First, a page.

In the opinion of the author, the phenomenon of drug abuse constitutes a warning, a refutation of exclusive materialistic belief in progress. The recent quest by young people for spiritual values is apparent in different forms. Sometimes these efforts lead to incomplete and deviant forms of pseudo-religions or pseudo-traditions, but more often the quest for spiritual values takes the form of a genuine reversal of roles, i. e. the drug addict becomes the therapist. A tribute should be paid to the dedication of many young people for their anonymous efforts to control drug abuse. This type of therapeutic involvement, in which youth help youth within the population from which the majority of drug addicts are recruited, is among the most promising approaches because it involves young people in helping other young people of their age rather than the intervention of formal institutions. It is difficult to evaluate the effectiveness of this approach to the prevention of drug abuse, but there is no doubt that positive results have been achieved.
The non-governmental organizations that promote transcendental values certainly have an important role to play in the prevention of drug abuse, particularly in primary prevention. These can train young people to the extent that they will be prepared to face the difficulties which they will confront in day-to-day life. .
For its part, the International Catholic Child Bureau has decided to devote its future activity to the problem of children confronted by a spiritual void, after having initiated, together with other non-governmental organizations, a programme for the benefit of street children and youth. This decision also signifies a determination to attack the problem of drug abuse prevention at its roots, in the hope that this will help to eliminate the demand for drugs. In the long term, this can overcome an increasing spread of drug abuse and associated problems.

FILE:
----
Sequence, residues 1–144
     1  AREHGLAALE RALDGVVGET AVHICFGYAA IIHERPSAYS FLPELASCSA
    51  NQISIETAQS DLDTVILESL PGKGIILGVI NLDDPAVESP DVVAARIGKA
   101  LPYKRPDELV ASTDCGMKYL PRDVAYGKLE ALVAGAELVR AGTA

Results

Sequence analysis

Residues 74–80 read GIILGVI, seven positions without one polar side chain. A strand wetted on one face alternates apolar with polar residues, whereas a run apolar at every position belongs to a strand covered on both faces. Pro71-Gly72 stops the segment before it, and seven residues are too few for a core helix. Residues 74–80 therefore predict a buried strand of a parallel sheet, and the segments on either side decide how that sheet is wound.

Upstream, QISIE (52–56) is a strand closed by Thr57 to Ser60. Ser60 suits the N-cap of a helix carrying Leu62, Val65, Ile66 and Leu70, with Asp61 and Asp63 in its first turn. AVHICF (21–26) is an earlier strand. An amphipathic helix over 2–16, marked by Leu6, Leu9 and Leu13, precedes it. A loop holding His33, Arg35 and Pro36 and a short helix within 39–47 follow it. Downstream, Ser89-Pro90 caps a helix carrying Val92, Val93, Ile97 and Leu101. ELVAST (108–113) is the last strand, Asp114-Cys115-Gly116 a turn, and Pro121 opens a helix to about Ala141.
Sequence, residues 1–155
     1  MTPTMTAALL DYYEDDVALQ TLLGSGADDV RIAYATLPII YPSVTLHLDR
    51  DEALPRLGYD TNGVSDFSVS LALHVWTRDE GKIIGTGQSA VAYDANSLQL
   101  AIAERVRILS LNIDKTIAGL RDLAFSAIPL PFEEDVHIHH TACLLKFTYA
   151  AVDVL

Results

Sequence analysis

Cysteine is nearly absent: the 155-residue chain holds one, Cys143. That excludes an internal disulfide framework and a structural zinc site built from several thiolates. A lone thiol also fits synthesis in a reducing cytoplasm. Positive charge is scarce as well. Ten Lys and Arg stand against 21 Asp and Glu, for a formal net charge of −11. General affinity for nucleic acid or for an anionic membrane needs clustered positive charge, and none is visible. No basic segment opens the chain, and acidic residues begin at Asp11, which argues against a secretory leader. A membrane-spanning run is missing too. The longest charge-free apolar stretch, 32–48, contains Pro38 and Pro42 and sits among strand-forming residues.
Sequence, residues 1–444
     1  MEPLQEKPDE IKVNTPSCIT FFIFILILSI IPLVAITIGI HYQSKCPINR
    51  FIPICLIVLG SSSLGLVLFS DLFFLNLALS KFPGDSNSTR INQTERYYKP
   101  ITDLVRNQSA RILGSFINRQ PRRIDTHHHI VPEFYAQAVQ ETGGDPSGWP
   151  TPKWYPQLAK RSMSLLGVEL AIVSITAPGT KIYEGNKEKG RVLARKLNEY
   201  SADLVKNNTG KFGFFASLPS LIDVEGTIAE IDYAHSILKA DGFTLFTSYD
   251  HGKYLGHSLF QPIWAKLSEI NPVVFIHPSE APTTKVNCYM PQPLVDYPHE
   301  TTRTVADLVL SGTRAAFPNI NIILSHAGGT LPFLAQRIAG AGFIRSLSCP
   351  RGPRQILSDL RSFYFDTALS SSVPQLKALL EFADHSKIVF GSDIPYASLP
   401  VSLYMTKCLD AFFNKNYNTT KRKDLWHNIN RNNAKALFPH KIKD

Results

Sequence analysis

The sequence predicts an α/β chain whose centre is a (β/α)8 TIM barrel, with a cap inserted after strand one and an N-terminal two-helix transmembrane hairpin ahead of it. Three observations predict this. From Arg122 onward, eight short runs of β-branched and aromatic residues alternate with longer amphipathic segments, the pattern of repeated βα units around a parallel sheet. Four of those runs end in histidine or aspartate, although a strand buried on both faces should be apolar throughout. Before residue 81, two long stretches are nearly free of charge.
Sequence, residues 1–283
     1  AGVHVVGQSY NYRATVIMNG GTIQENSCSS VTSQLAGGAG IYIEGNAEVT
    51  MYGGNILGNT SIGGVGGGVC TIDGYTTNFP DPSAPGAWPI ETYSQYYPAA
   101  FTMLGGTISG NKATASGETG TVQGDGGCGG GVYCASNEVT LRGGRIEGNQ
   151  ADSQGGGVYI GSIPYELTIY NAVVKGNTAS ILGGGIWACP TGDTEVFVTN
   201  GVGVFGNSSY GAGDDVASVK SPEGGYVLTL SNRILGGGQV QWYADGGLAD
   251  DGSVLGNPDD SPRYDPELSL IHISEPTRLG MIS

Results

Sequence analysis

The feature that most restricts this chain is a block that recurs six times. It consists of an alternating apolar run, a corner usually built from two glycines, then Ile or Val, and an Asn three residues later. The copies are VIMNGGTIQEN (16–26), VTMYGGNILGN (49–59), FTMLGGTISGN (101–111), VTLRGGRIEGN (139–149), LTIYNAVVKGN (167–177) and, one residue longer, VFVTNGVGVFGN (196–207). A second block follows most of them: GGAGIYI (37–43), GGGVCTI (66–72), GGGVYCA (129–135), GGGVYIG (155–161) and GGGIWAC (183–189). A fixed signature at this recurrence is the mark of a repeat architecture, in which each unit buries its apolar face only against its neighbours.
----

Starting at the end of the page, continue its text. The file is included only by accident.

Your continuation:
This history of ideas has taught us, notably since the research carried out by Ariès [ 9] , to put accepted ideas into perspective. The history of the family, the history of values, of which happiness (often confused with simple comfort and ease) and freedom certainly represent, even at present, the least contested of accepted ideas, still remain to be researched.
In his message to young people at Viterbo in 1984, Pope John Paul II said :
"Contemporary man, proud of the extraordinary scientific progress he has achieved, is inclined to seek the solution to his internal problems in the technical expedients which he employs to overcome the difficulties which he encounters in the external world" [ 10] .
Helen Nowlis, Drugs demystified (Paris, UNESCO Press, 1975).02
J. Bergeret, "Young people, drugs . . . and others", Bulletin on Narcotics (United Nations publication), vol. 33, No. 4 (1981), pp. l -14.03
J. M. Richard, "Les limites de l'action sociale, une intervention sociale dans la zone?", Pro Juventute ,Zürich, No. 3 (1982), pp. 3 - 12.04
O. Clément, "Religion of life", France Catholique ,No. 1982 (1983), p. 10.05
Dom Picchi, Intervista sulla droga e sul uomo (Rome, Centro Italiano di Solidarietà, 1983).06
Eduquer aux valeurs pour les sociétés de lean 2000(Brussels, Catholic International Educational Office, 1982).07
C. Olivenstein, Drogas e Drogados (Sao Paulo, Editora Pedagogica e Universitaria Ltda, 1982).08
Report of the International Catholic Conference of Scouting on the occasion of International Youth Year, Brussels, 1982.09
P. Ariès, L'enfant et la vie familiale sous l'ancien régime (Paris, Seuil, 1960).10
L'Osservatore Romano, 12 June 1984, p. 8.